The Open: Can Patrick Cantlay be the first winner since 1951 at Royal Portrush?

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July 16th, 2019

The Masters, PGA and U.S. Open were all won by Americans, and by sheer numbers, Americans will have a reasonable chance for a sweep.

The 148th Open Championship begins Thursday, and for the first time in 68 years, it takes place outside of either Scotland or England, at Royal Portrush in Northern Ireland. Royal Portrush, a scenic course on the sea, is the only venue that has staged the Open outside of Great Britain. The course will be played at a beefy 7,344 yards (par 71) and, though long, it will depend on the weather as to how difficult it tests today's power-driven players, similar to other Open courses.

Though Royal Portrush hasn't had the Open since 1951, it did host the Irish Open as recently as 2012, as well as the Senior Open Championship from 1995-1999 and in 2004. It was awarded the Open five years ago, perfect timing after the recent major championships won by natives Rory McIlroy, Darren Clarke and Graeme McDowell (the latter two call Portrush home).

Also new here is the fact that the Open will conclude this year's major championships, since the PGA Championship was moved back to May. The Masters, PGA and U.S. Open were all won by Americans, and by sheer numbers, Americans will have a reasonable chance for a sweep. That hasn't happened since 1982.

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Course layout need to know

Since so little is known about Portrush and how it will play, there is reason to believe someone could surprise and win it, such as Ben Curtis (2003) or Todd Hamilton (2004). Starting in 2000 the average world ranking for the eventual Claret Jug holder is 42.8, and Tiger Woods is the only No. 1 player to win it during that time (that was his ranking in all three wins). Curtis was ranked 396th and Clarke was 111th when he prevailed in 2011.

McIlroy, who is from Holywood near Belfast, shot 61 at Royal Portrush in 2005, when he was 16. A lot of eyes will be on him this week and rightly so. There will be a lot of pressure on him, and it will be interesting to see what he does.

McIlroy, who turned 30 in May and last won a major in 2014, is probably worth a look at short prices. One has to wonder, however, if that pressure will get to him playing in front of his home fans. He's had a wonderful season so far and could add the Claret Jug to the Players Championship he captured back in March. All of the tools are there. He just needs a cooperative putter and to minimize that major mistake. The last player to pull the Open-Players double in the same year was Jack Nicklaus in 1978.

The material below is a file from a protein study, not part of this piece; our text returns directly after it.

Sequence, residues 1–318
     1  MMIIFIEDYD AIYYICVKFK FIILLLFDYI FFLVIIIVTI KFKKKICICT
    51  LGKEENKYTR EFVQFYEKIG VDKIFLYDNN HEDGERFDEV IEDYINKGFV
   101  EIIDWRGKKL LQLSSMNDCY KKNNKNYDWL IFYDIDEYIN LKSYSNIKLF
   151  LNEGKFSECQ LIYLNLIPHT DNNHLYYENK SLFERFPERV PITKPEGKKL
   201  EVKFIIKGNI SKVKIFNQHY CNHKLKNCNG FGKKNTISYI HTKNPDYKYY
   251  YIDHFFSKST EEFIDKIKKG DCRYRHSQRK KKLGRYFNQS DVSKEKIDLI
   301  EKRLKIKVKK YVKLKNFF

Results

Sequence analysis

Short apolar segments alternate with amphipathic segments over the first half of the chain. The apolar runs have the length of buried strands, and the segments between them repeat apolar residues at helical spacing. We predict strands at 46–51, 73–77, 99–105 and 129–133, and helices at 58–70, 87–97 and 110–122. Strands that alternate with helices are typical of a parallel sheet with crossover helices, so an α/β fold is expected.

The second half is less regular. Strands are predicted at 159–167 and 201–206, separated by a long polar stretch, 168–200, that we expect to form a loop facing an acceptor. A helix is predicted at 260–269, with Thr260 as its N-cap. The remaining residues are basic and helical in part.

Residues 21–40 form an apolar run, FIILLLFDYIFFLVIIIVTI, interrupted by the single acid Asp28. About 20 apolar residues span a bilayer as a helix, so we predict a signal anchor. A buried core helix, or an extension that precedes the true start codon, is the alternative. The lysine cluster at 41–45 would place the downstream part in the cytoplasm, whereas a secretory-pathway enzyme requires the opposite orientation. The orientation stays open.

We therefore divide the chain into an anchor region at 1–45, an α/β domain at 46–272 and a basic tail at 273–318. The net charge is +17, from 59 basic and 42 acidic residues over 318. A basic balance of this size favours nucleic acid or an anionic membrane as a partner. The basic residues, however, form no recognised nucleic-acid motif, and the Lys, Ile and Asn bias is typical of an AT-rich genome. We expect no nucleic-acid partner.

Brooks Koepka, who has won four of his last nine majors played in (he missed the 2016 Open and 2018 Masters) and nearly added two more in this year's Masters and U.S. Open, has an interesting angle of his own at Portrush. Though he's an American and recently stated he'd never been to Northern Ireland, his caddy is Ricky Elliott, who is from Portrush and knows the course well. If that proves to be of any use to the ever-steady Koepka, that combination is probably worth a play in any scenario. Koepka is +1000 (second choice behind McIlroy at +800), and though there isn't much value there, it's unwise to believe he won't play well. His best Open finish is a tie for sixth two years ago at Royal Birkdale.

All of this being said for the two favorites, though, I'm going with an American as my top pick. Patrick Cantlay has current odds of +2500 and displayed tremendous form recently when he won the Memorial Tournament. In his lone Open appearance last year, he tied for 12th and has every right to improve off that. Cantlay is first on the PGA Tour in scoring average, second in strokes gained total and fourth in strokes gained tee to green. He also possesses more than adequate power off the tee, and I feel there's a major in his future. Why not now?

A genuine longshot I'll be considering at +10000 is the South African Erik Van Rooyen. The University of Minnesota product recently finished in a tie for eighth at the PGA Championship. If there's a Curtis-type shocker out there this time, perhaps he's the one.

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